Saturday, April 19, 2008

Lure(d) into listening?

This weekend there was a Matchmaking meeting event in Paris, organized by HERA —an EU 6th Framework Programme ERA-NET project aiming at strengthening the European voice in the Humanities—, on Cultural Dynamics and the Creative Industry.

The idea our group brought forward was Listen, Lure & Locate: A Project on Music, Internet and Listening Cultures that proposes to investigate older and newer internet technologies that support sharing musical taste and exchange of musical listening experiences.

The proposal (in preparation) aims not only to analyze and explicate these existing listening communities (e.g., YouTube, Pandora) but also to actively experiment with Web 2.0 technologies by designing and constructing virtual listening spaces that will allow participants to share their listening experiences (LISTEN), make other listeners enthusiastic for a certain musical fragment (LURE), and mark a specific location in an actual recording (LOCATE) - a specific point in the music where a particular listener experienced something special or that s/he considers musically striking or intriguing.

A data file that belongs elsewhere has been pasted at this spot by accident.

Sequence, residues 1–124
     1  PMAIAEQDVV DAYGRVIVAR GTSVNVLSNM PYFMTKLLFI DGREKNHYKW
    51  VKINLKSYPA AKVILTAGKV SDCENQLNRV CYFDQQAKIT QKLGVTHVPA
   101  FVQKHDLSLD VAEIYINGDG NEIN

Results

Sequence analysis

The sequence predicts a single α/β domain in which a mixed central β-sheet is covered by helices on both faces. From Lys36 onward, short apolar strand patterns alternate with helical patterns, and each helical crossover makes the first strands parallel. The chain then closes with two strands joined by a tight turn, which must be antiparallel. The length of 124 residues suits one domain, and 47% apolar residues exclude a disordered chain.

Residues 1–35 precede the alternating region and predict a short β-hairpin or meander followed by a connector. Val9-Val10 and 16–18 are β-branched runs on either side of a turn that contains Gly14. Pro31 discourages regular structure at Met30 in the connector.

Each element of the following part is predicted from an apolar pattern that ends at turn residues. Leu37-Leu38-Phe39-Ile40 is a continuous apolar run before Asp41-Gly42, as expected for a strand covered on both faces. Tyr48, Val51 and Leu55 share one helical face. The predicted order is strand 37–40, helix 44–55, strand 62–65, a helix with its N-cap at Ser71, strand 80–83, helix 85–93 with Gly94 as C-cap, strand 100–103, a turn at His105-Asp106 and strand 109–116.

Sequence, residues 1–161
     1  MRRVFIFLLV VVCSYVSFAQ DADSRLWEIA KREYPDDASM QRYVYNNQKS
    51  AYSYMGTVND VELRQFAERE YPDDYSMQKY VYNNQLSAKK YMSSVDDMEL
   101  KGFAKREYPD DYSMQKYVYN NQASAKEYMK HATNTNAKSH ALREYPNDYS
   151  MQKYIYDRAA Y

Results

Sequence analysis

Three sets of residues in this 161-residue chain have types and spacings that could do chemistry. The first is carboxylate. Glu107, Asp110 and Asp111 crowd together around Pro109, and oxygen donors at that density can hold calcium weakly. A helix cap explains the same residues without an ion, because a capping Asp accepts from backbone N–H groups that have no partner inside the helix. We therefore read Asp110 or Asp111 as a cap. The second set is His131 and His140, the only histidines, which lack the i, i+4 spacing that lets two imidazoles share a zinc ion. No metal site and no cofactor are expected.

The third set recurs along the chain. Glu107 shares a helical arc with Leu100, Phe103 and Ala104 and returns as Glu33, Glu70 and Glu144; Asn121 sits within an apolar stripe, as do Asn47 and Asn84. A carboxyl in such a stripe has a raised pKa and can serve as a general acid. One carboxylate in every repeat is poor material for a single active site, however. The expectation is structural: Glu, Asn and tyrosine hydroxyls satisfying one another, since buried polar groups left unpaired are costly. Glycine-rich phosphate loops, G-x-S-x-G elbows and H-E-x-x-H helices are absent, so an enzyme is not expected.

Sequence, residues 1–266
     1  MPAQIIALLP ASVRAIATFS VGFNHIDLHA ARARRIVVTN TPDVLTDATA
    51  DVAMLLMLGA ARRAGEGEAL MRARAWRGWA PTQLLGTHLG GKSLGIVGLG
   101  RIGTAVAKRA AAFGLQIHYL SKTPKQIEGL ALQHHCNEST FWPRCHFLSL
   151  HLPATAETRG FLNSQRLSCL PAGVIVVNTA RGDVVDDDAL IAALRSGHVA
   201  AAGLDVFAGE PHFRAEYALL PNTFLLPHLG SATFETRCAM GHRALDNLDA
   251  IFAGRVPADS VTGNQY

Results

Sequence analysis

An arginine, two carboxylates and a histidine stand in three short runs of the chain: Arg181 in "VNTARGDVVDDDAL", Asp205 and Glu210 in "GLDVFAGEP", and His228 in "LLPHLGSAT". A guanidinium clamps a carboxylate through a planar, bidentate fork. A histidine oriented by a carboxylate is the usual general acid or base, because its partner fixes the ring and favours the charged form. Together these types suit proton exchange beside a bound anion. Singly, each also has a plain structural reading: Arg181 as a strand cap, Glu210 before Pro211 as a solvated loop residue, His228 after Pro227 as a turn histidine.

The LOCATE-component of the project was inspired by some early work of John Sloboda (Keele University). He found that a large portion of music listeners could locate (in the score or a recording) specific musical passages that reliably evoked, e.g., shivers down the spine, laughter, tears or a lump in the throat (Sloboda, 1991).

At the meeting I asked several people the question mentioned below. Take part in an online poll?

ResearchBlogging.orgSloboda, J.A. (1991). Music Structure and Emotional Response: Some Empirical Findings. Psychology of Music, 19(2), 110-120. DOI: 10.1177/0305735691192002


  1. Eriq Gardner wrote:

    "Can you tell me a bit more about your group, your meeting, and the
    ephiphany to seek out listener's shared musical tastes and the
    exchange of musical listening experiences? It's obviously something
    you greatly care about, but when and how did your group come to
    realize that musical enjoyment had an emotional component that could
    be studied through the design and construction of virtual listening
    spaces? Why do you think now is the right time to study this?
    Technology? Cultural enthusiasm?"

  2. In this particular project it is indeed the technology that (suddenly) makes listeners' behavior visable or, better, traceable. Where normally journalists or music critics were in a position to influence musical taste, word-of-mouth was 'invisible'. The upcoming Internet technology makes this traceable, and this is 'good news' for science. It allows us, in principle, to see what happens in the corridors where music lovers meet, the people that care.